What it means
Basically, broth. But the untranslated phrase denotes the foundational ingredient's importance to Italian cuisine. "It is not stock, as the term is used in French cooking," Marcella Hazan wrote in her definitive "Essentials of Classic Italian Cooking." "It is light-bodied and soft-spoken, helping the dishes of which it is a part to taste better without calling attention to itself."
Lamb and pork don't work in brodo, but fish, poultry and beef do: "(It's) made principally with meat, together with some bones to give it a bit of substance," Hazan explained. Yet vegetarian brodo is a possibility too: Asheville chef Brian Canipelli of Cucina 24 was selected for a StarChefs.com Rising Star award on the strength of his potato skin brodo. Lucca and Coda Del Pesce chef Ken Vedrinski has used a wild ramp brodo at Lucca, his down- town Charleston restaurant.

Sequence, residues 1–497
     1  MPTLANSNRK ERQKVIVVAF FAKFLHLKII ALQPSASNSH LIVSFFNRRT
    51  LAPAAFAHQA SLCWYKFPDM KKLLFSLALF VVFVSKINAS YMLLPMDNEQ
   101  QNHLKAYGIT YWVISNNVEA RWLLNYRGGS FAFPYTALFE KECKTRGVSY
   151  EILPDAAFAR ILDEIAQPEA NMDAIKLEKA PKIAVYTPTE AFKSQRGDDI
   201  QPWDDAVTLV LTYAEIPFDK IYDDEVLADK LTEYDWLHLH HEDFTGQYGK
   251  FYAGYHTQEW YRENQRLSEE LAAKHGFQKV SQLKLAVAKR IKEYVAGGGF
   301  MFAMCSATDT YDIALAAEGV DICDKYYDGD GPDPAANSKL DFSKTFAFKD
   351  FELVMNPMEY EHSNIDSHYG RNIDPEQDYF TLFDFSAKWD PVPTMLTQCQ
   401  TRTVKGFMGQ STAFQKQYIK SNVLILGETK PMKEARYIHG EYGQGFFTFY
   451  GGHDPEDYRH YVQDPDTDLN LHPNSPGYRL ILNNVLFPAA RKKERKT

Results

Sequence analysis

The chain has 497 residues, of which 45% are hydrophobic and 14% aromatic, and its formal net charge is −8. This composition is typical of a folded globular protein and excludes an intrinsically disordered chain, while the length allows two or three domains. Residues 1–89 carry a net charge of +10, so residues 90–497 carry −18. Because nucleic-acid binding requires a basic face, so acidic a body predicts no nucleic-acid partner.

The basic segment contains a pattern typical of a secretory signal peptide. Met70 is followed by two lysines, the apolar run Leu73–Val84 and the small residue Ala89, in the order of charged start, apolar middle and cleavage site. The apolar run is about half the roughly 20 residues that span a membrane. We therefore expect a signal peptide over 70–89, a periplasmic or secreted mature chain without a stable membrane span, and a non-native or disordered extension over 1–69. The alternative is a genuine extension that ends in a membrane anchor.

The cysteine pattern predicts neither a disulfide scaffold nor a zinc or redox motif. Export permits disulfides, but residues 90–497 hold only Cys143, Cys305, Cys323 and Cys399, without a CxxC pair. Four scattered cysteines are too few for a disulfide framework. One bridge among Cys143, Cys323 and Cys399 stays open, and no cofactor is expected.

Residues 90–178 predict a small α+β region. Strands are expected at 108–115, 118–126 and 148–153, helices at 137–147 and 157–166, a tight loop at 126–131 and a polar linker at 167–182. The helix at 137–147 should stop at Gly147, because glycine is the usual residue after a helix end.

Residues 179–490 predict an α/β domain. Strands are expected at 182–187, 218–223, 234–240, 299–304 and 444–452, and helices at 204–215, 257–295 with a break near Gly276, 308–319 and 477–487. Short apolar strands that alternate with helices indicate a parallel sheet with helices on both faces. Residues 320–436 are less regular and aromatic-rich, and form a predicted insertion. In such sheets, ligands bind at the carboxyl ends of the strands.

Where we saw it
Coda Del Pesce, Isle of Palms (Tagliolini with Clammer Dave's "Vongole," Herb Verdicchio Brodo Roasted Cherry Tomatoes, $24)
Where else you can try it
Indaco on King Street has offered noodles dressed with shrimp, Calico scallops, blue crab, brodo and chives.
Where to buy it
For this pantry staple, you're on your own. To make Hazan's basic recipe, you'll need a carrot, an onion, a tomato, a celery stalk, a potato, a bell pepper and five pounds of beef, veal or chicken. If that sounds like more broth than you can use, "It's impossible to emphasize how convenient it always is to have frozen broth available," Hazan writes.